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on March 05, 2013 :
Love and war might both be like chess, and the analogy is appealing. Lowly pawn Rose is plucked from her abusive home to serve as friend to the Kingmaker’s daughter, and so begins a relationship where the pawn strides bravely across the board, only to seem lost, then queened and lost again. It’s the time of the War of the Roses. The Kingmaker will lose his footing on the road to controlling the throne. Military weaknesses will be probed. Sneak attacks will demolish almost certain victories. Alliances will shift. And Rose will rise and fall between village poverty and lordly castle, learning on the way to care for the sick, heal the dying, and offer support to the embattled powers of the land.
With evocative descriptions of scenery (I love Yorkshire), recreating village life and luxurious castle with equal conviction, offering fascinating details and insights into healthcare, childcare, family ties, politics and more, Juliet Waldron’s Roan Rose is a truly fascinating epic tale of one woman’s survival.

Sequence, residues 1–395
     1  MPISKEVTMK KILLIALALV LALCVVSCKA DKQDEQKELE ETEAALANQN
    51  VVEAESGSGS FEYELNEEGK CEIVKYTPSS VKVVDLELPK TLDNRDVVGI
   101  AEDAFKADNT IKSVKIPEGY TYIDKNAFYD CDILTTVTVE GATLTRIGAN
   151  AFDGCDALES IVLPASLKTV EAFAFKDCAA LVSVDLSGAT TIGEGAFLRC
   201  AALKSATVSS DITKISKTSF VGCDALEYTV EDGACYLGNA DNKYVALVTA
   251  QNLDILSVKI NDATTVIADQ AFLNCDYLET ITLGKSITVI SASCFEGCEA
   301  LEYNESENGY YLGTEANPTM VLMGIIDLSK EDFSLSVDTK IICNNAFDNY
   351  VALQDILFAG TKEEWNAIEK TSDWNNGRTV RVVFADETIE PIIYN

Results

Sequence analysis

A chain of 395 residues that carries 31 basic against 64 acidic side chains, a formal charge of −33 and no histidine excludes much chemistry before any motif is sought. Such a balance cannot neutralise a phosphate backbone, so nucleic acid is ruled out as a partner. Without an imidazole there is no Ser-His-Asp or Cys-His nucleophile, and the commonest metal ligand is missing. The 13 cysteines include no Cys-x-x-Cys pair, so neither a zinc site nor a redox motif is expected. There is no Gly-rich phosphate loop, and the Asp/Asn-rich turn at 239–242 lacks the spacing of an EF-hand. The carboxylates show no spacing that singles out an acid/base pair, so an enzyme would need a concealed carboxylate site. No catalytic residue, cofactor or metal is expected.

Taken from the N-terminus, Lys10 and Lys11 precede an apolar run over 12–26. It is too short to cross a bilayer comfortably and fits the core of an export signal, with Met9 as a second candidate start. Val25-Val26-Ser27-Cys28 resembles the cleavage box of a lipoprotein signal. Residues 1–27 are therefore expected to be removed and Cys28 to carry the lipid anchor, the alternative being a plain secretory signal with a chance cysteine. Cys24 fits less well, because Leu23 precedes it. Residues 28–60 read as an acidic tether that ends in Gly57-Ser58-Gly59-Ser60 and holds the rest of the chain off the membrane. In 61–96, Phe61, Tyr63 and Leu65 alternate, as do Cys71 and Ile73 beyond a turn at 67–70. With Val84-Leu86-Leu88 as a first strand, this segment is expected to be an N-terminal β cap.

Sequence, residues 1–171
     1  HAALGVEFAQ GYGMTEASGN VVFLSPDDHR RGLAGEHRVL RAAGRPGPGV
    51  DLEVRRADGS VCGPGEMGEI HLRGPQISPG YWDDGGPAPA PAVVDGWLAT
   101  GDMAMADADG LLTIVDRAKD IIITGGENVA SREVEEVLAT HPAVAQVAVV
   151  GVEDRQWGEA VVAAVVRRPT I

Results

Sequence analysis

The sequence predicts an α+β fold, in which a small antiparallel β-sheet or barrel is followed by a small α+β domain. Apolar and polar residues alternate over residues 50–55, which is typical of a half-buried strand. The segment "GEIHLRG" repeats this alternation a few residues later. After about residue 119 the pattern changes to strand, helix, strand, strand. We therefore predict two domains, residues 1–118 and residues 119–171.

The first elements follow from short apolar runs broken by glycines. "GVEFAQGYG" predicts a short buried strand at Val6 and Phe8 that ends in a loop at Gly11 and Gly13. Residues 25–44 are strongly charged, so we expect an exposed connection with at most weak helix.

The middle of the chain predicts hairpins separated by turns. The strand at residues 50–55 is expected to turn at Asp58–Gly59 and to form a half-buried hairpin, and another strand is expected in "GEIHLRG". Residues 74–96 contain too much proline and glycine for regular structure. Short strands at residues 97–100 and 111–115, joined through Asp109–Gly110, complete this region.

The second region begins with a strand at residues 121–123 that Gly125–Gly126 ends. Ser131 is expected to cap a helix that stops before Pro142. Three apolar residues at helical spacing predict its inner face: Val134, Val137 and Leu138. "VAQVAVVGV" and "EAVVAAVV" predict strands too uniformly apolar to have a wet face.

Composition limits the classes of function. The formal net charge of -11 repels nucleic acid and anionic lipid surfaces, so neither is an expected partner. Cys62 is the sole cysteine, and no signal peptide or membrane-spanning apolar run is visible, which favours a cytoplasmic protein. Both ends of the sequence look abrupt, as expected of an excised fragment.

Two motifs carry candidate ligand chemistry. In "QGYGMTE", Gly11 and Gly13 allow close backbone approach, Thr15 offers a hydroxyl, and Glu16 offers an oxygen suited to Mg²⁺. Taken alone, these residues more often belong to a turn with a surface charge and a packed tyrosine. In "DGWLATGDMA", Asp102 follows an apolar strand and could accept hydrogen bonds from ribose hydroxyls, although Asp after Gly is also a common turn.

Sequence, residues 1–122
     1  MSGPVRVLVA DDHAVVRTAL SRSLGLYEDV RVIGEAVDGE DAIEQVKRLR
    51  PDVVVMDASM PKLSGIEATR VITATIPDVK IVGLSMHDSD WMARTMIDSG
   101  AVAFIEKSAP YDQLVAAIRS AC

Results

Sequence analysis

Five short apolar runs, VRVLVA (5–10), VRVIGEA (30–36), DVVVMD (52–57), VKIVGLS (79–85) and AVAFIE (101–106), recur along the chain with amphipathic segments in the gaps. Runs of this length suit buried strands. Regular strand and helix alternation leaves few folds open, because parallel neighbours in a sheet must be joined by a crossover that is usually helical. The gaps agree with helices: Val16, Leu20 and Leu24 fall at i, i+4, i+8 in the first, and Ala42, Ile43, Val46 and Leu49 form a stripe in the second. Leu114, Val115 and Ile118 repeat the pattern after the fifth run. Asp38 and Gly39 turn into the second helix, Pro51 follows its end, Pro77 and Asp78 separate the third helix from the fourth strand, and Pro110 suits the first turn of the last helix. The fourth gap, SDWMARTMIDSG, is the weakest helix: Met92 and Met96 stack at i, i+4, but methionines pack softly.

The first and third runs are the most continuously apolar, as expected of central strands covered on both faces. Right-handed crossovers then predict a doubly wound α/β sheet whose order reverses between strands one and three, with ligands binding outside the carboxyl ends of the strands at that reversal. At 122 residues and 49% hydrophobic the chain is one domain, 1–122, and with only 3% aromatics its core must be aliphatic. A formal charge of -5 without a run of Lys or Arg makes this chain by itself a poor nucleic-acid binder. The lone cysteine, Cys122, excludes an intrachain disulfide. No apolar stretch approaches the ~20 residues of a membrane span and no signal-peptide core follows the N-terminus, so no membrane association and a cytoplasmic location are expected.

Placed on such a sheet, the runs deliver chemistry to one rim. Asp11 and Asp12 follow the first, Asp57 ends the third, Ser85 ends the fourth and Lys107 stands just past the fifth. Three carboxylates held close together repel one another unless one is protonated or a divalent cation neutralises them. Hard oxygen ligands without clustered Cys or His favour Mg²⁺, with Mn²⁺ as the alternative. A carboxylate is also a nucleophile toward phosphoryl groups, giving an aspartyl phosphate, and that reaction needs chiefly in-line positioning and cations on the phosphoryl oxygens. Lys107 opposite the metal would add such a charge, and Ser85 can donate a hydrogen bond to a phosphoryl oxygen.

With great power comes great responsibility of course—responsibilities not always shouldered well by the world’s leaders, then or now. But small powers include responsibility too, and this novel shines in the ethical trials of a woman who knows how to heal and save, and who loves too deeply to betray but ends up torn in two. The chess game didn’t convince me, but the rest of the story did. And people are more important than pawns anyway.
Disclosure: I was lucky enough to “buy” a free ecopy of this novel.
(reviewed long after purchase)